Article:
Authentic Ideals of Masculinity in Hip-Hop Culture: A Contemporary Extension of the Masculine Rhetoric of the Civil Rights and Black Power Movements

Megan Morris

Abstract


The production and interpretation of hip-hop culture, particularly rap music, revolves around the concept of authenticity, or “keeping it real.” This authenticity is constructed by its artists and consumers from both racial and gendered ideals. The discourse surrounding hip-hop culture is centred on the belief that in order for one to participate in hip-hop, and for their participation to be considered authentic, they must adhere to, and define themselves, according to its dominant racial and gendered identity. This authentic hip-hop identity is predominantly African American and primarily encompasses an aggressive brand of masculinity. Authors, however, often overlook hip-hop culture’s understanding of authenticity as an extension of historical racial discourse. The masculine rhetoric of the Civil Rights Movement of the 1960s, and more specifically the aesthetic ideals of “cool pose,” has embedded itself in the continued efforts of African American men to define themselves against a dominant white culture. As the proclaimed “voice of a generation” these efforts are manifest in the music, the artists and the fans of hip-hop culture.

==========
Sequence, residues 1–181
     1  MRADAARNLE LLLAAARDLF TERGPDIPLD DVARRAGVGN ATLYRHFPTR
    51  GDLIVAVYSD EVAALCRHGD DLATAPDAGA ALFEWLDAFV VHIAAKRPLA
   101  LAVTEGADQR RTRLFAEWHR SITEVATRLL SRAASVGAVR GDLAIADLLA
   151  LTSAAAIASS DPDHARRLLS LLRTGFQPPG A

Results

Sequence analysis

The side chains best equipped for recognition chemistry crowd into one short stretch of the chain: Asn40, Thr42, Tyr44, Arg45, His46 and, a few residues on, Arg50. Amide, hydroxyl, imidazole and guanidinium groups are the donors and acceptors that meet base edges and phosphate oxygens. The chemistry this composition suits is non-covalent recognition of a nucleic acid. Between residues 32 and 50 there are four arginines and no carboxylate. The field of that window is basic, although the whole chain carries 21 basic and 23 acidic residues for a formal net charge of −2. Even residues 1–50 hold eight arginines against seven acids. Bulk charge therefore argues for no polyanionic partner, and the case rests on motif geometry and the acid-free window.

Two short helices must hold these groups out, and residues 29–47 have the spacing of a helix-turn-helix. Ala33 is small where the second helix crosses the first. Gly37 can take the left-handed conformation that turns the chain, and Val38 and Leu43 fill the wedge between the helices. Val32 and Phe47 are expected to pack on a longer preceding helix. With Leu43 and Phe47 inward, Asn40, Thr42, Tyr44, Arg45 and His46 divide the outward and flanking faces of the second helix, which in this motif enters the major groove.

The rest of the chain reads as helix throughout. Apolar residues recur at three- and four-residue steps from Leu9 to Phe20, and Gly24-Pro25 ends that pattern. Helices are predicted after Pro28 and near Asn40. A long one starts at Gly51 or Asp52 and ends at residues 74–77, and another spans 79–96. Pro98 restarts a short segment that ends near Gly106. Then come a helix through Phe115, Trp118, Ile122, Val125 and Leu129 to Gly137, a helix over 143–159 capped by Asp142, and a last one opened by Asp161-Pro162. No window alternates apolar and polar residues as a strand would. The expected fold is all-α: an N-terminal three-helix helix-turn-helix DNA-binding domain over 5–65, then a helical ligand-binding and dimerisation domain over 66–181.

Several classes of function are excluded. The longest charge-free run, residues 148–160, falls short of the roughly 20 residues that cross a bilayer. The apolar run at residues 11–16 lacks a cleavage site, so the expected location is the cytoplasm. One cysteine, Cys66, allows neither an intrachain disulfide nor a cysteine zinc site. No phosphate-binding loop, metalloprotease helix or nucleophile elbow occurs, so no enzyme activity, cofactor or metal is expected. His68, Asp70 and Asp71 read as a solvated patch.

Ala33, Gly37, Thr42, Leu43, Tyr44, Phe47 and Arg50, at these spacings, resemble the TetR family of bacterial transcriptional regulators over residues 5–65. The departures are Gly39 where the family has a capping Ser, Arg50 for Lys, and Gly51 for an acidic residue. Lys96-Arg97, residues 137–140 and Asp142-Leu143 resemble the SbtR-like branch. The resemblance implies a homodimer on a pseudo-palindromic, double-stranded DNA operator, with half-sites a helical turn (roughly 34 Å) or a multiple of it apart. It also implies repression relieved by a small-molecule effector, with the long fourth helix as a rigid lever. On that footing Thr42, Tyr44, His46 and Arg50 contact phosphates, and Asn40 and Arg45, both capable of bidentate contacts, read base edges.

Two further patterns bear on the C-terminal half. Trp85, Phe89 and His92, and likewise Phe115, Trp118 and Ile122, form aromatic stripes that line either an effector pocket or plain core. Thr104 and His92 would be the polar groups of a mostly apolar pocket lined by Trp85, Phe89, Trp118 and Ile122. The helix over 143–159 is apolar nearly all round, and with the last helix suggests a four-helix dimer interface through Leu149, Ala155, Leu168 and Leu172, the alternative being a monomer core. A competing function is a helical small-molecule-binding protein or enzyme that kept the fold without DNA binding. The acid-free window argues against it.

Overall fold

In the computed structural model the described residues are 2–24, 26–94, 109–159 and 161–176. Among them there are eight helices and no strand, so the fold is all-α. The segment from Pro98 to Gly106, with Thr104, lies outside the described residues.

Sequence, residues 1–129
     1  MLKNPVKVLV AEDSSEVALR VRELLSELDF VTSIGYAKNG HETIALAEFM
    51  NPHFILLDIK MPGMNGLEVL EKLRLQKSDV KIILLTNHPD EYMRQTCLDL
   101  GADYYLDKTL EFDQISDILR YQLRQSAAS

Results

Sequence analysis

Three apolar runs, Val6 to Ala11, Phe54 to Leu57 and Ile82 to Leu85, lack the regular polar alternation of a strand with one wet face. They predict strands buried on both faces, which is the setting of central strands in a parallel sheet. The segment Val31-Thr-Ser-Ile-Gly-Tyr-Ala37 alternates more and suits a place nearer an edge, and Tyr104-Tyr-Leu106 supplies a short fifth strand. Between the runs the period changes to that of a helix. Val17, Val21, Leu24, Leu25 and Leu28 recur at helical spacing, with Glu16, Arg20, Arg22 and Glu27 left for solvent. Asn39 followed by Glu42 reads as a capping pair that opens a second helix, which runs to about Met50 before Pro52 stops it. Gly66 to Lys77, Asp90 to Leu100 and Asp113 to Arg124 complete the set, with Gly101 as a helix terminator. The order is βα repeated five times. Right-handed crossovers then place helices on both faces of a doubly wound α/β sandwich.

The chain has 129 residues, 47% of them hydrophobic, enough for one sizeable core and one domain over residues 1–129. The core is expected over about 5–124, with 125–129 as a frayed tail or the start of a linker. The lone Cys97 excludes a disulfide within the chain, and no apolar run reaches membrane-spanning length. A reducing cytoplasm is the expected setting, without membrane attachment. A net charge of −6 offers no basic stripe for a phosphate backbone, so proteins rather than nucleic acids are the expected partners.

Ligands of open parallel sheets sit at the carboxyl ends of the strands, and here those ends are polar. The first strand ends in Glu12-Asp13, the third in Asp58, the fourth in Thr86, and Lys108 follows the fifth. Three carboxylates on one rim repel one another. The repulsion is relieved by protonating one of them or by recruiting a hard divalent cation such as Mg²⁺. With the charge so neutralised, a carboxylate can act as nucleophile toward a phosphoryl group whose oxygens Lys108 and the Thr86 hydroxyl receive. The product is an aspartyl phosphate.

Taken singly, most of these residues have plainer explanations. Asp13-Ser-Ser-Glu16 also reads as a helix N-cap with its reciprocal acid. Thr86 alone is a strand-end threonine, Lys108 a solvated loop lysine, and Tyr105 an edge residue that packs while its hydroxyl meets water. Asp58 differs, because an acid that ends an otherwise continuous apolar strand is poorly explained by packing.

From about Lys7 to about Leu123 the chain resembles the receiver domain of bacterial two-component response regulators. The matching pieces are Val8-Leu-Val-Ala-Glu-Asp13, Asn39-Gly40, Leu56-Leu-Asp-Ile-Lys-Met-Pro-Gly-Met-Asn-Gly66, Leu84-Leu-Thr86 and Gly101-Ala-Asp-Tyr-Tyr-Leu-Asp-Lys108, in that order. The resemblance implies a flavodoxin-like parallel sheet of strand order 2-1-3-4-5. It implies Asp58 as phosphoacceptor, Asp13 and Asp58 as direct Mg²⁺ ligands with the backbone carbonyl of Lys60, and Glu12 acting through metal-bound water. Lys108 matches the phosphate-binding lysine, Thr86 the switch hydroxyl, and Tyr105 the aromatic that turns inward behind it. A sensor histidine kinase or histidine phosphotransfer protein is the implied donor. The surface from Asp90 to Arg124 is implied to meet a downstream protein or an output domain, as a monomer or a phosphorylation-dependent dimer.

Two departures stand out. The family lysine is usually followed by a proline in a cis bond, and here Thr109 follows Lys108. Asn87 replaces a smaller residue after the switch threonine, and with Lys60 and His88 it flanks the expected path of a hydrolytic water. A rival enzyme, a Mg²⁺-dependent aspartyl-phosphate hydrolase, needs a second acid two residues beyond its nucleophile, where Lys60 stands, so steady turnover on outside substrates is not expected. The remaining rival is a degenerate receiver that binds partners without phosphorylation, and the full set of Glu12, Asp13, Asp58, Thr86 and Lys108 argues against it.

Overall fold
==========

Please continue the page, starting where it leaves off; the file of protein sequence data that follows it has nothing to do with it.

Looking at artists such as Tupac, Jay Z, and 5th Ward Weebie, I argue that their representation of hyper-masculinity, through their work and public image, is an active attempt to mediate economic, social and political neglect prevalent within the African American urban community. This notion of authenticity is not merely the glorification of wealth, consumption, criminal activity and violence, but a contextually relevant endorsement of a particular black manhood that is the contemporary reflection of the masculine rhetoric of the Civil Rights and Black Power movements.

Full Text:

PDF